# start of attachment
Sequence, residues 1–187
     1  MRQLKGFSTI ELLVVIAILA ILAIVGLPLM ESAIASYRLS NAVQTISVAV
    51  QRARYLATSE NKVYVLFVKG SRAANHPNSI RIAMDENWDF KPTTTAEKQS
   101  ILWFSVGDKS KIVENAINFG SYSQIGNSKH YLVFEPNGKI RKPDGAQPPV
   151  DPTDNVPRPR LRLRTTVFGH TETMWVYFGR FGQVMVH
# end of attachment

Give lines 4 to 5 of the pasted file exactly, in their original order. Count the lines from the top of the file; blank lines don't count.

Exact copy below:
   101  ILWFSVGDKS KIVENAINFG SYSQIGNSKH YLVFEPNGKI RKPDGAQPPV
   151  DPTDNVPRPR LRLRTTVFGH TETMWVYFGR FGQVMVH